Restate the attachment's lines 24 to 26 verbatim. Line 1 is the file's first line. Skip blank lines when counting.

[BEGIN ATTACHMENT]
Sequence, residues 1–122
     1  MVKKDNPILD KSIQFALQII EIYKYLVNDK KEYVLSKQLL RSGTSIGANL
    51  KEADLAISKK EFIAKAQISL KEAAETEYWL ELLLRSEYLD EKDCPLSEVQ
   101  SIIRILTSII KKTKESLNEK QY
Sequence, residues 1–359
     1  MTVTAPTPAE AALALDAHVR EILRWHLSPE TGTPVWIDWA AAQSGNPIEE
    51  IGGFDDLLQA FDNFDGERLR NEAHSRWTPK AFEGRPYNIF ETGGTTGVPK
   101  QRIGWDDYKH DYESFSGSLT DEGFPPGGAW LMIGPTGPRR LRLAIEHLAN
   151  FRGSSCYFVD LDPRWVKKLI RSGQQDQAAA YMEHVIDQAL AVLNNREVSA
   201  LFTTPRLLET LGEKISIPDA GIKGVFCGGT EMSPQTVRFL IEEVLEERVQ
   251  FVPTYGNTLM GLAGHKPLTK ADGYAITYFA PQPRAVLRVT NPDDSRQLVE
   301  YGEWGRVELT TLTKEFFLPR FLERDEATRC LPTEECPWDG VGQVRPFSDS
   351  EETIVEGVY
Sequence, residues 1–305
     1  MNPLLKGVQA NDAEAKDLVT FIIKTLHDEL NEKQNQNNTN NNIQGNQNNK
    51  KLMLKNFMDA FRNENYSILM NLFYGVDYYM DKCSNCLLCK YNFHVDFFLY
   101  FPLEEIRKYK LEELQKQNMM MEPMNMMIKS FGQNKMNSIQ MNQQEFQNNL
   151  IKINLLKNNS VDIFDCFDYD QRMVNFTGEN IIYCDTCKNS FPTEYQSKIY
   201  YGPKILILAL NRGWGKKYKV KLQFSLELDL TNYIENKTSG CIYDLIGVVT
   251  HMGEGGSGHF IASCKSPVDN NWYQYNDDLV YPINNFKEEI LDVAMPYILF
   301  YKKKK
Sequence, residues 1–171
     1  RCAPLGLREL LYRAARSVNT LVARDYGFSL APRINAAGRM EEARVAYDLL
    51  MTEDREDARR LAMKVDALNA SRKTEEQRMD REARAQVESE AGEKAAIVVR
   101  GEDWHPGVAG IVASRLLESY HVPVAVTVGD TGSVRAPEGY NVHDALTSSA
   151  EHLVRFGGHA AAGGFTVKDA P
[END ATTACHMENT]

    51  MTEDREDARR LAMKVDALNA SRKTEEQRMD REARAQVESE AGEKAAIVVR
   101  GEDWHPGVAG IVASRLLESY HVPVAVTVGD TGSVRAPEGY NVHDALTSSA
   151  EHLVRFGGHA AAGGFTVKDA P